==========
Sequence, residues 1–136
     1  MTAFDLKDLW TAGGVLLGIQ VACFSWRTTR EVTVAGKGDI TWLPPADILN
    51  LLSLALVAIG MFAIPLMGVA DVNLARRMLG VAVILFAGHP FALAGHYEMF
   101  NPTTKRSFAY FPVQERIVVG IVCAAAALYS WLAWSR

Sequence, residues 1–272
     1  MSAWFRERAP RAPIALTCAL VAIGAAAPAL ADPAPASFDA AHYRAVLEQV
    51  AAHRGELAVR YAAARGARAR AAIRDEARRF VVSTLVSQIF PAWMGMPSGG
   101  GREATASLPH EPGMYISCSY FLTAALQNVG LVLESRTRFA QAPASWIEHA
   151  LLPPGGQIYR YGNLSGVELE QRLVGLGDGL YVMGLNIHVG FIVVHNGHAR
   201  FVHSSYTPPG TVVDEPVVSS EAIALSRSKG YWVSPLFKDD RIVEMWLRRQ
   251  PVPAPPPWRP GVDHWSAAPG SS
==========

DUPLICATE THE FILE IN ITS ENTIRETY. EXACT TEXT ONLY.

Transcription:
Sequence, residues 1–136
     1  MTAFDLKDLW TAGGVLLGIQ VACFSWRTTR EVTVAGKGDI TWLPPADILN
    51  LLSLALVAIG MFAIPLMGVA DVNLARRMLG VAVILFAGHP FALAGHYEMF
   101  NPTTKRSFAY FPVQERIVVG IVCAAAALYS WLAWSR

Sequence, residues 1–272
     1  MSAWFRERAP RAPIALTCAL VAIGAAAPAL ADPAPASFDA AHYRAVLEQV
    51  AAHRGELAVR YAAARGARAR AAIRDEARRF VVSTLVSQIF PAWMGMPSGG
   101  GREATASLPH EPGMYISCSY FLTAALQNVG LVLESRTRFA QAPASWIEHA
   151  LLPPGGQIYR YGNLSGVELE QRLVGLGDGL YVMGLNIHVG FIVVHNGHAR
   201  FVHSSYTPPG TVVDEPVVSS EAIALSRSKG YWVSPLFKDD RIVEMWLRRQ
   251  PVPAPPPWRP GVDHWSAAPG SS